Welcome to Lea Gardens

Lea Gardens is a Rhododendron Garden just outside the village of Lea, close to Matlock in Derbyshire. The Garden covers approximately three and a half acres, and is situated within a woodland area, with access paths which allow visitors to see the 500 or more varieties of rhododendrons, azaleas and other plants.

The Garden is open to the public for viewing and plant sales, and we also have a very popular Teashop. Parking is free, and well-behaved dogs (on a lead) are welcome in the Garden.

We are very close to Lea Bridge and Cromford, which are part of the Derwent Valley Mills World Heritage Site, and on the edge of the Peak District National Park.

  • Who We Are

    A Rhododendron Garden near Lea, a beautiful village in the heart of Derbyshire.
  • What We Do

    Our gardens have hundreds of rhododendrons, azaleas, kalmias and many other plants and shrubs for you to enjoy. We sell rhododendrons and other plants, and we also have an excellent Teashop; for you to enjoy as part of your visit.
  • How We Do It

    We propagate and grow our own plants, and sell them across the country.
  • Learn More

    If you would like to learn more about us, then please browse the site or contact us using the link below.

    Contact Us

A Hidden Treasure!

We had a wonderful afternoon at Lea Gardens. The rhododendrons are something to behold, and the food in the Teashop was delicious! We couldn't believe that Lea Gardens had been on our doorstep all this time and we'd never visited before.

We shall definitely be coming back soon.

  • News and Events

    2015 Season

    For this year we will remain open until Sunday 27th September.

    Goodbye Sarah, Hello Boo

    On Friday 24th July we said a huge thank you and a fond farewell to Sarah Beet, who has run our Teashop for the last six years. Sarah has done a fantastic job in the time she’s been with us, and has made many friends among our customers. She has decided that the time has come to move onto pastures new and a fresh challenge. We’re sure that, like us, all customers who know Sarah will wish her the very best of luck for the future. We hope she’ll come back to visit us, and enjoy the view from the other side of the counter! All is not lost, however. Long term customers will know Becky (aka Boo), who worked alongside Sarah for several years. Boo has now taken over the running of the Teashop, which will remain open until 27th September. We know Boo will maintain Sarah’s high standards, as well as putting her own personality into the Teashop (and the cakes!).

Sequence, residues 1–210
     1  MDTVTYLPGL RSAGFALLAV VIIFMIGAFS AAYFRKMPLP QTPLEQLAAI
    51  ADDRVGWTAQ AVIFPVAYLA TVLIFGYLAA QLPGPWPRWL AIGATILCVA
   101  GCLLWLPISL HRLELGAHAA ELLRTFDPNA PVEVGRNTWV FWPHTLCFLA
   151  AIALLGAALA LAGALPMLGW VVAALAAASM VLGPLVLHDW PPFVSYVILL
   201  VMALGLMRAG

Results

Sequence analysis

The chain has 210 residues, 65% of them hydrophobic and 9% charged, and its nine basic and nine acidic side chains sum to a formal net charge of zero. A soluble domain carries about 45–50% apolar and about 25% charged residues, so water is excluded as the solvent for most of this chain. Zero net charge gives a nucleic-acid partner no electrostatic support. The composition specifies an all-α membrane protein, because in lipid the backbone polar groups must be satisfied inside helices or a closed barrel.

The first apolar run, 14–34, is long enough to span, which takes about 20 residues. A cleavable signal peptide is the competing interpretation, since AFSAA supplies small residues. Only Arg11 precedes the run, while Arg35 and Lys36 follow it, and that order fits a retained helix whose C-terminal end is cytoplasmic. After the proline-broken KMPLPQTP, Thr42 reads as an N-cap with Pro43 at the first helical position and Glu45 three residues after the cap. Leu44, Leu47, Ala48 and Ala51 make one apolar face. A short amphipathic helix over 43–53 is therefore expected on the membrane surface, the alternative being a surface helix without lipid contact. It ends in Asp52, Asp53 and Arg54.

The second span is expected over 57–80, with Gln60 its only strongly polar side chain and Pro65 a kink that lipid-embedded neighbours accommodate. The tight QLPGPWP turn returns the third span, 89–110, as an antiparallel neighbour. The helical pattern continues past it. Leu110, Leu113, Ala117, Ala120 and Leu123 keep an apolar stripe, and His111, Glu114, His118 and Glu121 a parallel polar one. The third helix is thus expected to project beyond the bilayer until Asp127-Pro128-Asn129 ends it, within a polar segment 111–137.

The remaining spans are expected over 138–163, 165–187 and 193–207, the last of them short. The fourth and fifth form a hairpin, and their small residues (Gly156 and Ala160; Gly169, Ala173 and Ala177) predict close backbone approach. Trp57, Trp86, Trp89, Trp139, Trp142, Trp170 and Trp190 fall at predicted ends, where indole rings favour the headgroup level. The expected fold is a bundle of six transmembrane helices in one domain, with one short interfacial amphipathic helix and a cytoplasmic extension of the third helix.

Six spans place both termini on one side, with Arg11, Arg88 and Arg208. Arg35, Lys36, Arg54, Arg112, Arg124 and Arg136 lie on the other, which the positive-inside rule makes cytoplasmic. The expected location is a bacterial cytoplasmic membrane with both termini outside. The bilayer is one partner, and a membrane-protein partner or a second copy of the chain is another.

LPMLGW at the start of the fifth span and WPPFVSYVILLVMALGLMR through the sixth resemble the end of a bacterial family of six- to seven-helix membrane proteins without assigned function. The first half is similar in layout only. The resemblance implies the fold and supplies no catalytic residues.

September Update

    There are no rhododendrons in bloom at this time of year. However, the Gardens are still a wonderful place to take a peaceful stroll, and so will remain open until 27th September, as will the Teashop. There is no charge for admission, although a donation box is provided should you wish to make a contribution towards the cost of maintaining the Gardens

    Next Event

    See the Events page for details of future happenings as they become available.


    As part of your visit, be sure to enjoy the delights of our Teashop, which serves tea, coffee, cold drinks and light lunches as well as delicious home-made cakes. The tables on the Terrace offer stunning views of the Gardens. For more details, see our Teashop page.

    For a full listing of events in the Gardens and Teashop please see our separate Events page

  • Recent video

    Have a look at this video of our garden, kindly taken and made available by one of our visitors.
  • Panoramic Views

    You may also like to see some superb 360 degreee panoramic views of the Gardens, taken and made available to us by local photographer Rod Kirkpatrick of F Stop Press. Just click on 360 Views to visit the Derby Telegraph webpage where these views have been published. Then follow the link to each of the three views, and use your pointing device to pan both horizontally and vertically.
  • History of the Gardens on Video

    There is a video on Youtube which describes the history of Lea Gardens since they were established in 1935. This was produced and narrated by Eileen Cooke, with additional narration by Jon Tye. Please click on the link to view it: Youtube Video